Both Australia and New Zealand aim to grow one billion new trees over the next decade. Pakistan launched its so-called Billion Tree Tsunami in 2014. After restoring 350,000 hectares of forest ahead of schedule, Prime Minister Imran Khan launched a 10 Billion Tree Tsunami in 2018 with a five-year goal.
But does planting trees always reduce carbon in the atmosphere?
Scientists argue that, done right, tree-planting works as part of the wider effort to reduce carbon. One advantage? It can be done relatively easily and quickly on a large scale, said Julia Pongratz, a climatologist and earth systems modeller at the University of Munich. “It’s working, right? We’ve been planting forest for 10,000 years.”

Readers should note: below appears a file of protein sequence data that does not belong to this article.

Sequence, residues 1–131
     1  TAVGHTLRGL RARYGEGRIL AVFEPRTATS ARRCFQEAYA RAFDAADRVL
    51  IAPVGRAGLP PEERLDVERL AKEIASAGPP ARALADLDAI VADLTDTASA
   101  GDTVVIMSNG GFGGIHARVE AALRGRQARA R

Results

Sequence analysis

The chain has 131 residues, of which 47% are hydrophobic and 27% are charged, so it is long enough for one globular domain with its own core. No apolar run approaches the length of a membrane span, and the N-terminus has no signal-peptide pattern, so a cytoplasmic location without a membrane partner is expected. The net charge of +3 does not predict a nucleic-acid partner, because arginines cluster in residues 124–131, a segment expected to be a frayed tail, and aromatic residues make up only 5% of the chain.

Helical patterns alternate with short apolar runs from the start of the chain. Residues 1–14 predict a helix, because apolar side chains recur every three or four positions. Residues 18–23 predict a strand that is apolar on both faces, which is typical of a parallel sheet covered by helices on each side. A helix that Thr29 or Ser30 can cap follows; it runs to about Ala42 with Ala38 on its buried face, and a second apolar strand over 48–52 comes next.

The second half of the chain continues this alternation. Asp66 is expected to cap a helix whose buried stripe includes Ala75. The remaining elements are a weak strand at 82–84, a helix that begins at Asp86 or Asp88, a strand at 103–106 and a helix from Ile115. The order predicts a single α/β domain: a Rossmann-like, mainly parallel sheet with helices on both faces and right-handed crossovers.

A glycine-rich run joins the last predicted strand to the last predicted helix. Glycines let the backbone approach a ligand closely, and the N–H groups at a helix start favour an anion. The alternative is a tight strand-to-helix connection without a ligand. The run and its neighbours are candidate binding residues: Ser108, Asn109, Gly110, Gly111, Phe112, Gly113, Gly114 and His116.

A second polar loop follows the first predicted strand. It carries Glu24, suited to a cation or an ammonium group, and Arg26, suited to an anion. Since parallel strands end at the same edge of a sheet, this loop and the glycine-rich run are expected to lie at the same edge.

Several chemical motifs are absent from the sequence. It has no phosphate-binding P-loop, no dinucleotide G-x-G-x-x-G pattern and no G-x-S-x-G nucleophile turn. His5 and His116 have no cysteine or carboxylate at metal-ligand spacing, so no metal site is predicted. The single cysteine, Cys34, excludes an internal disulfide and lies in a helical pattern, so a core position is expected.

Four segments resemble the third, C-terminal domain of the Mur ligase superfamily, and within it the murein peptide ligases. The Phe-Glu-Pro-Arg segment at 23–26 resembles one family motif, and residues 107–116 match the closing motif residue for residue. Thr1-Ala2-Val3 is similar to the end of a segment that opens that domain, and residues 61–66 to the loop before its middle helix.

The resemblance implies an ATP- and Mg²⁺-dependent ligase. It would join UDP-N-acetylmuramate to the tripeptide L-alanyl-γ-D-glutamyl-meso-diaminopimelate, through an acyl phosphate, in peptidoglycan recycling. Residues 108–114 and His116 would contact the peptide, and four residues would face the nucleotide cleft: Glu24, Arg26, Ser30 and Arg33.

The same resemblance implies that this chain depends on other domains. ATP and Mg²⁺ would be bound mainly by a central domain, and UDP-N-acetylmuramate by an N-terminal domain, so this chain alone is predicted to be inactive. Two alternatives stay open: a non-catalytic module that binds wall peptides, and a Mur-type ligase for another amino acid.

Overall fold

Pongratz said forestation could remove 500 to 7,000 megatonnes of carbon from the atmosphere a year. Some studies put the figures even higher.
But we should be careful about assuming that trees alone can save us. A recent CBC article debunked the idea (popular on Facebook) that Canada’s abundant trees can sequester any carbon we produce. The truth is that our trees may actually emit more carbon than they absorb, as a result of wildfires and natural die-off.